New 1.6 gallon and 3.0 gallon toilets.
    For all your hot downloads
    American Standard
     

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  13. Doctor Q thread starter Administrator

    Doctor Q

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    #13
    I'm sure you'll all demand that I post the other 2, so here goes.

    iPop
    New 1 oz. and 5 oz. tubes.
    A solution for all your digital releases.
    Clearasil
     

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  14. Doctor Q thread starter Administrator

    Doctor Q

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    #14
    iPot
    New 1/4 oz. and 1/2 oz. bags.
    Perfect for all your hits.
     

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  15. Doctor Q thread starter Administrator

    Doctor Q

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    #15
    It's been a few months since my previous post here, but I have two more examples of the influence of Apple (specifically the iPod) on culture:

    First, we have the iRaq, iPod advert parody.

    Second, MAD Magazine has another iPod joke this month. For subscribers who get MAD in the mail, every issue comes in a paper sleeve, on which the MAD artists put a joke or silly picture. The current issue, July 2004, has Harry Potter on the cover. Here's what's on the sleeve:
     

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  16. wdlove macrumors P6

    wdlove

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    #16
    Those are great finds Doctor Q, thank you for posting. Those brought a welcome smile. :)
     
  17. Flowbee macrumors 68030

    Flowbee

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    #17
    I think the vast majority of people just aren't interested in computers enough to want to learn how to use a new OS and apps. Seems like more trouble than it's worth. That's one of the main reasons so many people are still using Windows ME or 98. It's the OS that shipped with their computer and they're fine with it. (Look at how many Mac users are still using OS9 for that matter.)

    You can tell people that using Macs is easier all you want, but there's still a learning curve, and that's a major psychological hurdle for many.
     
  18. encro macrumors 6502

    encro

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    #18
    Most people don't realize what they are using because they simply don't even care about it, they ain't computer enthusiasts like us.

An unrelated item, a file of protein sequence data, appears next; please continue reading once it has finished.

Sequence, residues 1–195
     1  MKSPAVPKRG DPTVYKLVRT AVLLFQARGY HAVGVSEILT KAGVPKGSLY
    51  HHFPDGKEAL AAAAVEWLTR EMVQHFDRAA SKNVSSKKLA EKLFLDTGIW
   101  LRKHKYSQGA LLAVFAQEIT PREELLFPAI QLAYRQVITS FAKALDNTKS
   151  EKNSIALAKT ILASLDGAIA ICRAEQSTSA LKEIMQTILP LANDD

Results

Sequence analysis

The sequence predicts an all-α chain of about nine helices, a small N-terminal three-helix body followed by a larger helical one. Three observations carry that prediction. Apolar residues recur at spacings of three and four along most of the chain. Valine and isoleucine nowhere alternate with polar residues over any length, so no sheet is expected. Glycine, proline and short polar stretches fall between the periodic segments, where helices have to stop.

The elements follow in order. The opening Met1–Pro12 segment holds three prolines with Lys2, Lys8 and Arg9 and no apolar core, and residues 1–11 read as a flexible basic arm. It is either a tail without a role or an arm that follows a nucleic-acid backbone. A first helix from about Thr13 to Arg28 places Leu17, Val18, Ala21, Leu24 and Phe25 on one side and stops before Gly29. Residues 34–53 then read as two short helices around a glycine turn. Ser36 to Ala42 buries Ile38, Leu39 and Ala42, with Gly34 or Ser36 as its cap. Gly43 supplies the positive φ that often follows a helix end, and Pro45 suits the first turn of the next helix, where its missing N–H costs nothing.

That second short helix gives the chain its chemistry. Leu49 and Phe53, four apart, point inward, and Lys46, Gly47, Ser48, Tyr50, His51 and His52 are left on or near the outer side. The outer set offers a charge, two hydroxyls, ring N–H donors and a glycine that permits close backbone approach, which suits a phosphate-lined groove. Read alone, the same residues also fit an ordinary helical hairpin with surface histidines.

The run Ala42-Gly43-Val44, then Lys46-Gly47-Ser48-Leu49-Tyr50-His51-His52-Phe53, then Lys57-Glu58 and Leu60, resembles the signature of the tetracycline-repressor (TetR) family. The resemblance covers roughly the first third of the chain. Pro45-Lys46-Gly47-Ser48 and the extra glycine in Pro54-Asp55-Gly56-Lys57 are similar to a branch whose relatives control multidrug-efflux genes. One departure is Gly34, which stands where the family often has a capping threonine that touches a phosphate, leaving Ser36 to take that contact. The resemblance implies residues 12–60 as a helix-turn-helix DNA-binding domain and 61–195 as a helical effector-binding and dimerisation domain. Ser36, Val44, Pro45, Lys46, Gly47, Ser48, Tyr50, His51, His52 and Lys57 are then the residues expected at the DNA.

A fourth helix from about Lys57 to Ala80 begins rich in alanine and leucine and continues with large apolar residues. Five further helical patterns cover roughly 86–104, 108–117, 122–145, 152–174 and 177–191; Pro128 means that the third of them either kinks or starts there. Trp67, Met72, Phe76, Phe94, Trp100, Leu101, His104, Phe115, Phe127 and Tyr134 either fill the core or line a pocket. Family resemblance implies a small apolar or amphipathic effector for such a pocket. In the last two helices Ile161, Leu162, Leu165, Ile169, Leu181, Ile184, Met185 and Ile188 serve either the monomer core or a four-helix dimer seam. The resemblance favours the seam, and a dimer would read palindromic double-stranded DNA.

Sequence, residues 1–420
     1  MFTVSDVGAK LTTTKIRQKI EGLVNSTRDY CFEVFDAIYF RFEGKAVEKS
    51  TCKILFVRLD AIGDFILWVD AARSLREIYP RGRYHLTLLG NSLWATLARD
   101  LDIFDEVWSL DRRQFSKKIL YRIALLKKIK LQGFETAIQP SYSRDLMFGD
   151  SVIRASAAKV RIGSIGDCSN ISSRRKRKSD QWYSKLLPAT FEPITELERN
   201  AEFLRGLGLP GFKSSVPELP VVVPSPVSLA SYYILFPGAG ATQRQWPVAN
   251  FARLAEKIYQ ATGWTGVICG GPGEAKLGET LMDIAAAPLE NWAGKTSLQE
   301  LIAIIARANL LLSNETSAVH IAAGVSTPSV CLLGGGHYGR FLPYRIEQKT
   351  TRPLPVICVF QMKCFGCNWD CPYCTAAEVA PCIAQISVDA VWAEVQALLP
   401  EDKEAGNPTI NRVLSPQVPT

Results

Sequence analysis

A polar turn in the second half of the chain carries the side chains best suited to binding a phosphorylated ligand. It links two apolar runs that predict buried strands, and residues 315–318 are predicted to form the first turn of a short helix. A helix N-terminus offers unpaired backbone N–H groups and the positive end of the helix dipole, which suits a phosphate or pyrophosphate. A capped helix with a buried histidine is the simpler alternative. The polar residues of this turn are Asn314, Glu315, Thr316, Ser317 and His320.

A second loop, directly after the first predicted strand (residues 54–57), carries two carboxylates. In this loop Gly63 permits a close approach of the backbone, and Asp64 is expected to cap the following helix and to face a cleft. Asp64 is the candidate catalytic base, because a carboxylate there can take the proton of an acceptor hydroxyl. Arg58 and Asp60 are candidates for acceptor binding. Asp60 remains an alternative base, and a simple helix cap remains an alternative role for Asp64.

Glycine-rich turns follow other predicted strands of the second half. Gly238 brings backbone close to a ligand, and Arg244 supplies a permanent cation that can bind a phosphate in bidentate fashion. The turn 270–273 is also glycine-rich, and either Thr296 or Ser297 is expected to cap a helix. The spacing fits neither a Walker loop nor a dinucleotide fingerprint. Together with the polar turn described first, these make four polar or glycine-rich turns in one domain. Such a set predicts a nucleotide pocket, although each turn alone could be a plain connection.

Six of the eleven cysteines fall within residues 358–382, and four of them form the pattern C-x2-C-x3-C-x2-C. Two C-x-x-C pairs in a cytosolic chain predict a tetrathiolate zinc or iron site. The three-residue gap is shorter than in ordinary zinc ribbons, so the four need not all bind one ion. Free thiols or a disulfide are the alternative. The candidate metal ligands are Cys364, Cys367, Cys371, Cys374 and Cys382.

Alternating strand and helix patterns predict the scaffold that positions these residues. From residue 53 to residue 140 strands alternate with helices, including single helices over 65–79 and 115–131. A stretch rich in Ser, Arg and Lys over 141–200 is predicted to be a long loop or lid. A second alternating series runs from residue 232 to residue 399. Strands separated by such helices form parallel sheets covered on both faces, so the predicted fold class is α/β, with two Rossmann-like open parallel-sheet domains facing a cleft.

A lot of the younger generation has missed out on the Amiga/Atari/C64/MS-DOS era where it was far more obvious because they all worked very differently to each other.

    Now most OS work very similar and has attracted the general public who just treat a computer like it's a blender.
     
  19. Chip NoVaMac macrumors G3

    Chip NoVaMac

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    Northern Virginia
    #19
    Had an experience with my boss that shows if Apple will just show what it is capable of, then they will get market share.

    Had an advertising planning meeting. My boss asked about ads for the next month. I said that I didn't know off hand, I proceeded to pul out my PB (in sleep mode), and started right away to the apps I needed.

    Now my boss is thinking about the Mac as his business computer. So far only us "creative types" are able to use a Mac in the work environment.
     
  20. rueyeet macrumors 65816

    rueyeet

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    MD
    #20
    I know several such people myself. A couple of them are scared off by any possible learning curve, but all of them just can't afford one. Sure, Macs are perfectly price-competitive when compared to a similarly-equipped PC, but if that Mac and that PC are both out of your price range compared to the $499 PC at Best Buy, you'll end up with the PC. Most of them don't want something like an eMac, either.

    I am glad to see all the recent mass-market coverage of Apple, especially the positive stuff. Coming from being a Windows user for most of my computing life, and a former CompSci geek, I just can't convey how little the average computer user knows or cares about Macs. If they know they exist at all, they usually only vaguely know that Macs are those strange "other" computers that no one they know uses--and that's ALL they know.

    Most consumers don't even know what an operating system is. Support techs don't ask, "What OS are you running?" They ask, "What version of Windows do you have?" Windows is the computer, and a computer is the thing that runs Windows. So any curiosity the average Joe walking into CompUSA might have about this Apple thingy that doesn't run Windows is immediately squelched by sticker shock, and he buys the nice cheap familiar Compaq.

    That's where I think the Apple stores are such a good idea. Get people to wander in and see that Macs are computers too, that they're not so frighteningly different, that they can do the same stuff, and that in fact they do a lot of the basic stuff--photos, music, etc--more easily than a Windows machine. And do it in an environment where there is no readily available price comparison, while marketing the whole thing as an Apple-branded "experience". Even without sales, that does a LOT to open up mindshare.
     
  21. Frohickey macrumors 6502a

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    #21
    Unfortunately, I do not agree with you.

    If Apple's influence permeates the public consciousness AND their buying habits, then I might grudgingly agree with you.
     
  22. smllpx macrumors member

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    Feb 25, 2004
    #22
    Maybe I could provide some insight into the "want a mac but bought a pc" crowd. It is similar situation with my dad, who would be better served by a windows box (he is in virtual pc quite a bit and some other complex issues, but I don't really want to debate the whole mac vs pc argument; I use almost everything: Mac, Windows, Linux, Solaris, AIX, Irix, HP-UX, FreeBSD and with the exception of Irix and HP-UX I say use the right tool for the job, so you will just have to trust me that he would be better off with Windows... in his case).

    Anyway, its the software investment. He has already spent a bunch of money for his mac apps and would have to purchase the same or similar software again. That alone makes switching at least an additional $2k investment. It is easier to stay with the same architecture.